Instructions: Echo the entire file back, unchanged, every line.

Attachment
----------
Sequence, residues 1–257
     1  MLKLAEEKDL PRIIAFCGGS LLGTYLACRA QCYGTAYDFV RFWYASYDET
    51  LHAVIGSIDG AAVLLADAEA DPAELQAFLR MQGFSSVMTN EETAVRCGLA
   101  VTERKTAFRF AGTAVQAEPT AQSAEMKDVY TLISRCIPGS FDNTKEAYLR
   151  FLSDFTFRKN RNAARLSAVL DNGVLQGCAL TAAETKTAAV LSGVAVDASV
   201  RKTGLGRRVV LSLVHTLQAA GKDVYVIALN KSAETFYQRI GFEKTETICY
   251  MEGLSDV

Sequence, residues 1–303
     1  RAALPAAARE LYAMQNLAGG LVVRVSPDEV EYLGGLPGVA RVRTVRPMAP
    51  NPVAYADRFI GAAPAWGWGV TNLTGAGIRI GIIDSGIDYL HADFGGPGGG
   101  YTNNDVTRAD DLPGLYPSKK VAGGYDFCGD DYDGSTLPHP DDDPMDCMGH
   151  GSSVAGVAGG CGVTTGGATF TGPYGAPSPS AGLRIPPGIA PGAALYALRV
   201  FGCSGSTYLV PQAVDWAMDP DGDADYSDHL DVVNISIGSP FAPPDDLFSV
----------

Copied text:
Sequence, residues 1–257
     1  MLKLAEEKDL PRIIAFCGGS LLGTYLACRA QCYGTAYDFV RFWYASYDET
    51  LHAVIGSIDG AAVLLADAEA DPAELQAFLR MQGFSSVMTN EETAVRCGLA
   101  VTERKTAFRF AGTAVQAEPT AQSAEMKDVY TLISRCIPGS FDNTKEAYLR
   151  FLSDFTFRKN RNAARLSAVL DNGVLQGCAL TAAETKTAAV LSGVAVDASV
   201  RKTGLGRRVV LSLVHTLQAA GKDVYVIALN KSAETFYQRI GFEKTETICY
   251  MEGLSDV

Sequence, residues 1–303
     1  RAALPAAARE LYAMQNLAGG LVVRVSPDEV EYLGGLPGVA RVRTVRPMAP
    51  NPVAYADRFI GAAPAWGWGV TNLTGAGIRI GIIDSGIDYL HADFGGPGGG
   101  YTNNDVTRAD DLPGLYPSKK VAGGYDFCGD DYDGSTLPHP DDDPMDCMGH
   151  GSSVAGVAGG CGVTTGGATF TGPYGAPSPS AGLRIPPGIA PGAALYALRV
   201  FGCSGSTYLV PQAVDWAMDP DGDADYSDHL DVVNISIGSP FAPPDDLFSV